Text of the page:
transmission remission ~ video poem

transmission remission



avoiding infection

               behavior correction

new orientation

               social suspension


               social recession

full sanitization

               social reintroduction

The Obvious Truth ~ inspired by Disciple’s Dilemma (Tritina)

The Obvious Truth

It wasn’t till I looked
that I finally saw
the truism in your words.

For hidden in your words,
discovered when I looked,
there was a welcome saw.

Socially distant, I saw,
there within your words,
the answer, once I looked.

Overlooked, until I saw your words: I’ve got nothing but time.

If anyone can have fun with a poetry form it’s Ron. Lavalette, and, in so doing, offer further tritina inspiration.

Scrambled, Not Fried

No, it’s cool; I can wait.
I’ve got nothing but time…..

As far as I can see
it’ll be worth the wait
(at least this time).

I mean, last time
I couldn’t get you to see;
but now…um…I can wait

No. It can’t wait. Time’s up!  See, dammit!!! See!!!


My blogger friend Ken Gierke (rivrvlogr) introduced me to the TRITINA form, which uses repeated end words in three tercets as follows: ABC / CAB / BCA and a closing line that includes all 3: ABC.  You can read about the form at The Poets CollectiveHERE, and you can see Ken’s Tritina, The Color of Rain, HERE.

Thanks, Ken!

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The Color of Rain ~ tritina

The Color of Rain

Glad, the days when I hear
the colors in the sky
speaking through the rain,

their voices telling the rain,
“Listen closely and hear
the beauty of the sky.

Your own voice within the sky
is most welcome, rain,
joined with ours for all to hear.”

Glad too, the rain, to hear such welcome in the sky.

This is my response to Words and picture poetry challenge – 1, from Jane Dougherty, where she offers the Francis Ledwidge poem “Thomas McDonagh” with the challenge that we use three words from the poem as the end-of-line words in a tritina, with the Ledwidge poem as inspiration. (a variance, on my part, here)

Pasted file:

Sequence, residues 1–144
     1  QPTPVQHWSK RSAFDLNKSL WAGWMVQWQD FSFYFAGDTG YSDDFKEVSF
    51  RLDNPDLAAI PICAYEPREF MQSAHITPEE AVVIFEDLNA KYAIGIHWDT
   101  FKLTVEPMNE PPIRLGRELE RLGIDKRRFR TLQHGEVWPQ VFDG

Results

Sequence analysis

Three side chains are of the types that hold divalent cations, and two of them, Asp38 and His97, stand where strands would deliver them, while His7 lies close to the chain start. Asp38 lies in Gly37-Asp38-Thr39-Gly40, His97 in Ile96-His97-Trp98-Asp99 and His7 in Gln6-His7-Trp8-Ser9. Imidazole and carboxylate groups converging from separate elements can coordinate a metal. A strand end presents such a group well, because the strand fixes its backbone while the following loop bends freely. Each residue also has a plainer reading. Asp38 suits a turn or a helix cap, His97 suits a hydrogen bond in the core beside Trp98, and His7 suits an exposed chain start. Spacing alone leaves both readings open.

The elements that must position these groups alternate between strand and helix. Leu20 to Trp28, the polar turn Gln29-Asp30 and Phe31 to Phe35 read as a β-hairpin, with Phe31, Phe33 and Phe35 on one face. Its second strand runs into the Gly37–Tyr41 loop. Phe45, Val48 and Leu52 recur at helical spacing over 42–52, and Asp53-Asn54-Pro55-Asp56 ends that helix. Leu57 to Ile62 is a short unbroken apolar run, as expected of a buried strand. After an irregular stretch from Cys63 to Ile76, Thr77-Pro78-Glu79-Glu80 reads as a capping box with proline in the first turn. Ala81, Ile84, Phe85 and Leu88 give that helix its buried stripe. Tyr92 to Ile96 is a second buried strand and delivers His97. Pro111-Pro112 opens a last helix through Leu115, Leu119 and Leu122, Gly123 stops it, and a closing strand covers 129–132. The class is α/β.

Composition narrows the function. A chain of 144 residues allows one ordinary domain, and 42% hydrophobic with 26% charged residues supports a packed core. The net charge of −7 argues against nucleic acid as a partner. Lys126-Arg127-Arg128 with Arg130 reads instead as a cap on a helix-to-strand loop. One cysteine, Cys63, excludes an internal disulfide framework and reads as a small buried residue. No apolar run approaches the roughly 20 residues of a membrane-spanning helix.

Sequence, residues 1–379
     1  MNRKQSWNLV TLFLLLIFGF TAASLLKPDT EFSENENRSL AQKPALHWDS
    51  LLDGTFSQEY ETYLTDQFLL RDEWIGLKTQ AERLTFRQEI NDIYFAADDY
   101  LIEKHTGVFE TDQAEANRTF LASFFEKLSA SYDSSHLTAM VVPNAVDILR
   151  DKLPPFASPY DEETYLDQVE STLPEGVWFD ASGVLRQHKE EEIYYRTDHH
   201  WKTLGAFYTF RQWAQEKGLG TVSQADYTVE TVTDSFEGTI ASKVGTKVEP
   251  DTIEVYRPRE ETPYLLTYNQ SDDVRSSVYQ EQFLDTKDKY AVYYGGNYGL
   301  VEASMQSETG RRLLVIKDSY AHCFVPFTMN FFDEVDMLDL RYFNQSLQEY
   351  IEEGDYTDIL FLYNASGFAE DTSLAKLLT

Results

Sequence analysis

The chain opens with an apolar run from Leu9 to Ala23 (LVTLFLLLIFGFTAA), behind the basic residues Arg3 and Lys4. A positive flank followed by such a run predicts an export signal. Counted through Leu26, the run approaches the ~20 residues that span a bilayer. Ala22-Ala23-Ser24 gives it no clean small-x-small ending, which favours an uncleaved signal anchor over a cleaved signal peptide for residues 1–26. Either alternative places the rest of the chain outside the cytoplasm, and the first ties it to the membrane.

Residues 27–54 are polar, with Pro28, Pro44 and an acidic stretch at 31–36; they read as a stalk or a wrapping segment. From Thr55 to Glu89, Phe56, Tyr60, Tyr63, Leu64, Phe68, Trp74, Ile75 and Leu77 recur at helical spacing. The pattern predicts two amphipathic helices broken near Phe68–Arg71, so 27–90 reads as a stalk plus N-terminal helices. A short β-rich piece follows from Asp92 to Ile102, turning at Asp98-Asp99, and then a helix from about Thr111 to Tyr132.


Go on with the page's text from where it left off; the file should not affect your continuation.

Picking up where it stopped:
Tritina ~ a poem with three three-line stanzas and a fourth stanza of one line
~ the same three end words used in the first three stanzas, in this order in                 successive stanzas: 1,2,3; 3,1,2; 2,3,1
~ the last, one-line stanza using the three words
“The repetition of words in a Tritina makes this form a good match for
a story that uses common speech, for in conversation the repetition of key words is common.” (
The three words used here are hear, sky and rain (1,2,3)

Also shared with Open Link Night #262, at dVerse Poets Pub.

Image source: / Michael Koralewski

Speaking of the Sea

Speaking of the Sea

Seasons have passed me by, and time moves on.
My wandering thoughts turn towards the sea,
sitting in delicate balance upon

the waves, like footprints on a sodden beach.
Fewer waves ahead, yet less time to rest,
so much left unsaid, this my final speech.

Mine is a ballad that’s best left unsung.
But if, by chance, my name crosses your lips,
may it be waves of praise that grace your tongue.

The challenge in Poetics: Three from the Welsh speaking sea, from Laura at dVerse Poets Pub is to write a poem using three of five end-rhyme word sets from Raymond Garlick’s Welsh-Speaking Sea. So, three (or more) rhyming tercets, with no meter required, but with the added challenge of using pentameter. No real meter here, but still 10-syllable lines. The word sets (with the option to reverse each word order):

speech / rest / beach
on / sea / upon
word / breath / bird
way / sound / bay
sung / lips / tongue

Image source:



I walk the walls,
my head around the corner
that lies beyond the door.
Precarious in this chair on the ceiling,
I cling to the fan that should not be
on the floor above me, spinning
me in starts and stops. In a world
of contradictions, I touch nothing
and everything at the same time.

Vertigo, my isolation.

This poem is my response to Reena’s Exploration Challenge #126,
where the theme is Isolation